'Bring it On' - why Iran can't lose and the US and Israel can't win
By now, many of you already know why Iran can't lose, which by the way, is not the same as saying that Iran can win. Yesterday, the Sunday Times made it crystal clear that US intelligence officials, if not the Bush administration, have already figured that much out, as have a number of other commentators.
Gary North, for example, made an especially convincing argument in his January piece titled 'Bring it On': Why Dr. Ahmedinejad Is Not Worrying - well worth reading in full to understand the complex dynamics involved at this crucial juncture. But, the following sums it up nicely:
An unprovoked American attack on Iran will instantly and permanently de-legitimize every American client state in the Middle East. If the United States bombs Iran, the Bush Administration might as well send that "Mission Accomplished" banner to Al Qaeda headquarters.Emphasis mine because he does not say that the US can't risk a provoked attack. But, that's a different story that entails a wild card and is strictly a matter of strategy. Let's stick to underlying goals, for now.
What he didn't mention, and what the Sunday Times left unexplored, was the likelihood of Israel doing what the US dare not - and the invariable consequences it entails. However, North did include in his analysis of why the US can't win an interesting reference to an important book written by an Israeli military expert.
The crucial issue here is political legitimacy of the nation-state. This is the supreme political issue of our day, as the great Israeli military historian Martin Van Creveld has argued in his book, The Rise and Decline of the State (Cambridge University Press, 1999). It is also the supreme strategic issue of fourth-generation warfare, the warfare of the rest of this century.Now, for my take on this exceedingly dangerous path that the US and Israeli governments are treading, because make no mistake, any military strike against Iran by Israel is not only condoned but actively supported by those in control of the US government - just as it was in Lebanon.
However, any attack by Israel against Iran, even a nuclear one, would be suicidal on Israel's part. But, here's the catch - that's the plan.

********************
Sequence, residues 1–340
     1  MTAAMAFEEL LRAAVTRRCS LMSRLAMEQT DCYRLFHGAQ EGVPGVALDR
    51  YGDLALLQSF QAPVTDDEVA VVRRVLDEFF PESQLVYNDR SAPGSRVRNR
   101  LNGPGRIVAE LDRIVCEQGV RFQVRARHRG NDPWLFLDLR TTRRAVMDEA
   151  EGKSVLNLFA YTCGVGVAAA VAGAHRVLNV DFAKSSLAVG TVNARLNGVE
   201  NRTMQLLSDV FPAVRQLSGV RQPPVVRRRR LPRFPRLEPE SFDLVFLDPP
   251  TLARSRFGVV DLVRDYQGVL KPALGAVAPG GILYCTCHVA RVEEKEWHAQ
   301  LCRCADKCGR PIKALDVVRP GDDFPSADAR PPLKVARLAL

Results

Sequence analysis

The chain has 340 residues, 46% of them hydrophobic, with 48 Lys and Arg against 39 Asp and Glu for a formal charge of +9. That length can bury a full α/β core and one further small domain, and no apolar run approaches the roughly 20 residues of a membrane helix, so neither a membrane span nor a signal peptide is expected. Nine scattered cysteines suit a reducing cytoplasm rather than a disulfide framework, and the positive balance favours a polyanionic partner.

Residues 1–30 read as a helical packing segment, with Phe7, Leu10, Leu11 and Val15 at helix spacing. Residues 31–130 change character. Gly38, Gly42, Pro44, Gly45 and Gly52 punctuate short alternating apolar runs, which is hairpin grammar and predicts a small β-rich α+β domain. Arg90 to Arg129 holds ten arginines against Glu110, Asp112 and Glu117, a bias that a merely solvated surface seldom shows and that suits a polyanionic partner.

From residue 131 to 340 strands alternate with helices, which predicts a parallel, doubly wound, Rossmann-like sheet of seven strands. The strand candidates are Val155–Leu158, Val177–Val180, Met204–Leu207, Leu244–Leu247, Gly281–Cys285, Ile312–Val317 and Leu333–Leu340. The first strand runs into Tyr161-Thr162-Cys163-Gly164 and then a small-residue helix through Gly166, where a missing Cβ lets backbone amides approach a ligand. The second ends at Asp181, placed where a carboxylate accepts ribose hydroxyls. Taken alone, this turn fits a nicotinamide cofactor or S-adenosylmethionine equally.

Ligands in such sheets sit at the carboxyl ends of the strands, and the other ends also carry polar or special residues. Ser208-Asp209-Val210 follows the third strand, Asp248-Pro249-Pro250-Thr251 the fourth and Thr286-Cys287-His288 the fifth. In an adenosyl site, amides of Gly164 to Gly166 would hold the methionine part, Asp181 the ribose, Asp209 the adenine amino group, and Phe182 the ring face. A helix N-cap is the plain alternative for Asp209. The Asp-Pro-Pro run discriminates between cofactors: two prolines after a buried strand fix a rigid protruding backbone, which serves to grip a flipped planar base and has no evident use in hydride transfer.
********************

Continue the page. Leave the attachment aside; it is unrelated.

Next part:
The nation-state of Israel is a failed project that those in control of most of the world's resources are willing to sacrifice. There's really nothing much left to give up - Israel is a failed state, morally, politically - even economically, despite their ardent protestations.
The corporate interests who control the world's resources can only gain from a dramatic, and more importantly - very destructive - end to the Israeli problem. Only it will not be the end, but just the beginning.
The problem is not simply Israel "the nation-state", but the evil concept behind Israel and those who espouse it - the idea that some people on earth are more deserving of freedom and prosperity than others. And to reach that goal, they are willing to subjugate or destroy everything in sight.
The destruction of Israel and every other nation-state in the Middle East will give the surviving corporate interests the opportunity they need to seize control of the remainder of the world's resources. Such an attack will throw the world's economies into a tail spin, enabling the money masters to assume total control of the world.
This is it - folks. The one world government we've been hearing about all these years is a mercantile one, headed by the world's high priests of finance.
Iran can't lose, but neither can it win, and neither will the US or Israel. An attack on Iran will mark the beginning of the end of nation-states as we know it. All that will remain connecting interests together will be finance.
The thesis is that the nation state as we've known it is a modern invention and a thorough failure, ever more costly and intrusive and unworkable. It is in the process of being supplanted by other institutions less formal and hence more functional to serve the member's goals.
On the plus side, we see the emergence of a decentralized but global market order and the emergence of micro-political communities. On the negative side, there is the development of guerilla armies that act secretively and elude defeat in conventional military terms. The nation state, once the leviathan bestriding the global and ruling all before it, is being reduced in its size because it is being outsmarted and outrun. No longer can it command loyalty and no longer does it have a credible claim to be superior to its alternatives.